Anthony Perrotta Teaches his Students how to Read Movies
For Anthony Perrotta’s high school class, movies are part of the daily curriculum. Perrotta, who teaches at Chaminade College School in North York, uses popular films as a powerful tool to further classroom dialogue on Catholic values and conscious media consumption.
I’ve been using films as a teaching tool in my classroom for years. If you’re going to be showing a movie in class, I think you had best be teaching it. Technology and media can be used to empower students to be critical, creative, provoking, and active citizens.
We watch movies in my class, and we also head out to the cinema. We’ve watched Iron Man, the new Cinderella and Star Wars: Rogue One. Some of my colleagues might joke in the staff room that we’re watching yet another movie, but this is where students are. Films and popular culture are the literacy that students know, so we have to open up a discussion about values and provide them with the tools to decode meaning, in order to actively produce and provoke change.
In the age of social media and massive online streaming, I want my students to be active consumers and recognize what the artifacts they consume are saying about the world in which they live – whether it’s issues about race, inequality, class, or sexuality. In order to understand media, we need to understand our own values. We need to understand that media constructs values. A lot of the conversation in the classroom anchors popular films in things that are happening in the real world. Some of the subjects we touch on in the lessons can be uncomfortable, so it’s important to be very critically astute and aware of the contemporary issues going on today.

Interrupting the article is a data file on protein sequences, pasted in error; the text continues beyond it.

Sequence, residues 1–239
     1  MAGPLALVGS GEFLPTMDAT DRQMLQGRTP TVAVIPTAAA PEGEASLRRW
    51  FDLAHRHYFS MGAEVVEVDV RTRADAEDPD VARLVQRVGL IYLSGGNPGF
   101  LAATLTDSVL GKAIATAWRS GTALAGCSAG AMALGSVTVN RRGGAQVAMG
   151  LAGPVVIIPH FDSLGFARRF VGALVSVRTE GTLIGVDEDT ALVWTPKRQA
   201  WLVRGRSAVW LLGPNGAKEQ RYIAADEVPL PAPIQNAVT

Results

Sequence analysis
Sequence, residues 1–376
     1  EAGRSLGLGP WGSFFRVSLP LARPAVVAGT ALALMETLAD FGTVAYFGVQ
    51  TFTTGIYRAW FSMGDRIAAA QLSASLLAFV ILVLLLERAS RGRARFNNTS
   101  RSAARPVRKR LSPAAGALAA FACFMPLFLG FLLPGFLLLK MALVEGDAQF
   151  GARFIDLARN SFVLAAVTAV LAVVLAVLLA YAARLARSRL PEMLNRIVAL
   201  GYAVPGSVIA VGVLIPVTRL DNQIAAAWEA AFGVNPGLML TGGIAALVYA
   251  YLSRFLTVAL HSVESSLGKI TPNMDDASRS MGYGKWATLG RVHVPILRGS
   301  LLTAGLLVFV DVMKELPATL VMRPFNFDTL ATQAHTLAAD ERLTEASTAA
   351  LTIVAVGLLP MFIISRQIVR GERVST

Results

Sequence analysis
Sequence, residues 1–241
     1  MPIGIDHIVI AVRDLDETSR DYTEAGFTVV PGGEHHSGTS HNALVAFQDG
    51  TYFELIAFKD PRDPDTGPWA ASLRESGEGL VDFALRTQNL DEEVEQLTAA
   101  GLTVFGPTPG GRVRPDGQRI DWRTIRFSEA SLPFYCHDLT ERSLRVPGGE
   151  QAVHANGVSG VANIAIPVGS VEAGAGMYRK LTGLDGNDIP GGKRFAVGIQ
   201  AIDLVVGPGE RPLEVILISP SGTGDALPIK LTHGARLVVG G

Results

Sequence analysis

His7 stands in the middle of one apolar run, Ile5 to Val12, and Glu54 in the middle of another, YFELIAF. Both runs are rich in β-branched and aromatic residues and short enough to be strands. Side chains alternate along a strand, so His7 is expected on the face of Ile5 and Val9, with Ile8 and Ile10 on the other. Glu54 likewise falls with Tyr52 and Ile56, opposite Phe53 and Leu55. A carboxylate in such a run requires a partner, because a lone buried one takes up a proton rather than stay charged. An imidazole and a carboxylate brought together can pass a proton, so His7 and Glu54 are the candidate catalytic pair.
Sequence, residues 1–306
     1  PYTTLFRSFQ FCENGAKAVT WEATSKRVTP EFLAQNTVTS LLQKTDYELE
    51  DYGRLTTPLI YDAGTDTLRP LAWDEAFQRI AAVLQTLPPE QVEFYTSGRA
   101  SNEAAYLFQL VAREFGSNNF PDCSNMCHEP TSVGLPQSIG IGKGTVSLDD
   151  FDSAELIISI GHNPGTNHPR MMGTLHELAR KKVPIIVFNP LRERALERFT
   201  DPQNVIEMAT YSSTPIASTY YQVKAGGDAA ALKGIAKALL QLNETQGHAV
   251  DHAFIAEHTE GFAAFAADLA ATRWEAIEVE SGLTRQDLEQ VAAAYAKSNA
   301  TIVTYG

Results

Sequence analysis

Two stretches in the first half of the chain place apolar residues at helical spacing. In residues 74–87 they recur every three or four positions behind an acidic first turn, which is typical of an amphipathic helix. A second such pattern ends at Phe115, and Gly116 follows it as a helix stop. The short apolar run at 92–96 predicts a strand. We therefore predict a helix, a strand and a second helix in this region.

I try to tie the films we watch to exploring Catholic values. With the ongoing Syrian refugee crisis, what does Elliot from ET teach us about social justice? At a time where women are displaced from the engineering community, what can we learn about resilience and respect from the female characters at the helm of the new Ghostbusters? After my students view the films, they need to complete a film journal that challenges them to answer reflection questions. The questions act as prompts to help them make connections about how lessons in the film can help them see and understand their own world. We discuss how to apply these lessons in real life. For instance, we can see how The Force in Star Wars is very similar to our faith - if we trust in it, it will help guide us through the challenges we face.
Whenever I can, I also try to connect my students with the people behind the films to discuss what they are learning. With Rogue One, we had the chance to Skype with the screenwriter to talk about how the film introduced war, and related it to the current political space. The school year culminates with students producing their own projects that apply both the technical and values-based lessons they’ve learned throughout the year. This project is really important because it gives students an opportunity to share their voice through new media applications, and to think critically about the content they are producing and the values that drive the decisions their characters make.